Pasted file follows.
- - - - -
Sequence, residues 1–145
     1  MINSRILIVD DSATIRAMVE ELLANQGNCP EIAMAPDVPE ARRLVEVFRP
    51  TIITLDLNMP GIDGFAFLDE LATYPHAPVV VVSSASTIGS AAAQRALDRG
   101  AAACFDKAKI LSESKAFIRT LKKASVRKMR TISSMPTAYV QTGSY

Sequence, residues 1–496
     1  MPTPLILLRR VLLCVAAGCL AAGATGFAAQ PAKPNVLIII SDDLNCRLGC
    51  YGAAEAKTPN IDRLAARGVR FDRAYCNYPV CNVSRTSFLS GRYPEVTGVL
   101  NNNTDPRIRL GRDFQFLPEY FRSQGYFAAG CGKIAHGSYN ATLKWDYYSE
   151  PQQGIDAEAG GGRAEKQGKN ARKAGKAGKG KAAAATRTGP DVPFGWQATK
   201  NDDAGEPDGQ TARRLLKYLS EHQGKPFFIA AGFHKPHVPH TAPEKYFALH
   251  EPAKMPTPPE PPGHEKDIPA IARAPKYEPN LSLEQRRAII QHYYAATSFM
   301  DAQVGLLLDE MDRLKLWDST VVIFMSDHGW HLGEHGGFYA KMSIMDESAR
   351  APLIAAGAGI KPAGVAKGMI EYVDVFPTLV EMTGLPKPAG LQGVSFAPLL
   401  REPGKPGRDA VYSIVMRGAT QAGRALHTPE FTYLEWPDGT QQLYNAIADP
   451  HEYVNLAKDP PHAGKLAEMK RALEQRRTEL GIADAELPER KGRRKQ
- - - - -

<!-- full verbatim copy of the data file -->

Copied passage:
Sequence, residues 1–145
     1  MINSRILIVD DSATIRAMVE ELLANQGNCP EIAMAPDVPE ARRLVEVFRP
    51  TIITLDLNMP GIDGFAFLDE LATYPHAPVV VVSSASTIGS AAAQRALDRG
   101  AAACFDKAKI LSESKAFIRT LKKASVRKMR TISSMPTAYV QTGSY

Sequence, residues 1–496
     1  MPTPLILLRR VLLCVAAGCL AAGATGFAAQ PAKPNVLIII SDDLNCRLGC
    51  YGAAEAKTPN IDRLAARGVR FDRAYCNYPV CNVSRTSFLS GRYPEVTGVL
   101  NNNTDPRIRL GRDFQFLPEY FRSQGYFAAG CGKIAHGSYN ATLKWDYYSE
   151  PQQGIDAEAG GGRAEKQGKN ARKAGKAGKG KAAAATRTGP DVPFGWQATK
   201  NDDAGEPDGQ TARRLLKYLS EHQGKPFFIA AGFHKPHVPH TAPEKYFALH
   251  EPAKMPTPPE PPGHEKDIPA IARAPKYEPN LSLEQRRAII QHYYAATSFM
   301  DAQVGLLLDE MDRLKLWDST VVIFMSDHGW HLGEHGGFYA KMSIMDESAR
   351  APLIAAGAGI KPAGVAKGMI EYVDVFPTLV EMTGLPKPAG LQGVSFAPLL
   401  REPGKPGRDA VYSIVMRGAT QAGRALHTPE FTYLEWPDGT QQLYNAIADP
   451  HEYVNLAKDP PHAGKLAEMK RALEQRRTEL GIADAELPER KGRRKQ